AI writing assistant Jarvis has written so many books in part or full and has proven to be brilliant at it. This software can get you through outlining, writing a powerful introduction, sharing your unique value proposition, and crafting a powerful conclusion. But it doesn’t stop there.

With Boss Mode and the Long-Form Assistant template, Jarvis can work with you every step of the way. All you have to do is type a sentence or two and Jarvis will keep it going. Other templates such as the Blog Post Intro Paragraph and Blog Post Conclusion Paragraph come in handy for every chapter.

The Jarvis team has even prepared an outline “recipe”  or content brief you can complete and feed into the AI to make the process easier. This outline can also be helpful with generally digging deeper into your book’s purpose and message.

Pricing: Plans start at $29/month

Video: How to Write the Perfect Non-Fiction Book Introduction & Outline with AI

2. Scrivener

Scrivener

Scrivener is a favorite for many writers because of its word processing and outlining capabilities. Available for Mac, iOS, and Windows, it allows you to outline, keep fragmented notes and write within the same application! That way, you can keep track of chapters and headings easily.

Pricing: Licenses start at $19.99 for iOS

3. Bird by Bird by Anne Lamott

bird by bird book

Anne Lamott’s book is a warm guide for new and old writers. If you need some encouragement from a long-distance writing buddy and are open to inspiring stories about writing and life, this is a good one to read.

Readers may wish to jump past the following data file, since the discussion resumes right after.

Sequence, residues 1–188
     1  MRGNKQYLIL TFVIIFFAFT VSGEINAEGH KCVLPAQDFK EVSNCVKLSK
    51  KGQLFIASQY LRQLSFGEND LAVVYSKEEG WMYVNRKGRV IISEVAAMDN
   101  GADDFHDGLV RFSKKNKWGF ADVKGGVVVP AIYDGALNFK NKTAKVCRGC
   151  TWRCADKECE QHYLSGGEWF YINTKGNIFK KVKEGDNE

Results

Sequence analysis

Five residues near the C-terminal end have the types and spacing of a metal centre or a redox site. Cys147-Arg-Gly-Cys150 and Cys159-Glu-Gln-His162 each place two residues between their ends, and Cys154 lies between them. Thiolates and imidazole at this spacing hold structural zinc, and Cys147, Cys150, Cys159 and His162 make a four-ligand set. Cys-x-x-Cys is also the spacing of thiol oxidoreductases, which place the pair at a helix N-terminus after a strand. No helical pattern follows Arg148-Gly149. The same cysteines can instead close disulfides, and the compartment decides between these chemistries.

4. On Writing Well by William Zinsser

on writing well book

Another classic for new writers, Zinsser’s book is perfect for non-fiction writers figuring out the nuts and bolts of the craft. He delves into writing about sports, business writing, memoir writing, self-help, and more. This one has helped many already successful writers become better writers.

5. Focus Writer 

Focus Writer

One last tool to keep distractions at bay: Focus Writer keeps writers on track with daily goals and word counts while providing an immersive writing environment. It also has spellcheck, timers to keep on your Pomodoro grind, and optional typewriter sound effects, if you’re into that kind of thing.

Start writing your book with Jarvis

Figuring out how to start writing a book as a beginner can be scary, but it is far from impossible, and we know that you have what it takes. Take a step-by-step approach, or bird by bird as Lamott says. Set clear goals, have a message to share and get to work.

Jarvis can help you tackle outlining, writing creative introductions, and crafting the messy middle one word at a time. Ready to give it a shot? Write your first book with Jarvis. Sign up for a free account.

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Meet the author

Austin Distel
CMO at Jarvis.ai

Austin Distel is the CMO at Jarvis.ai, your AI content writing assistant. He's also an Airbnb superhost in Austin, Texas and fun fact: Forbes recently wrote an article about his stock photography being the most popular on the internet with over 700 million views. You can follow Austin's adventures around the internet and the world at distel.com.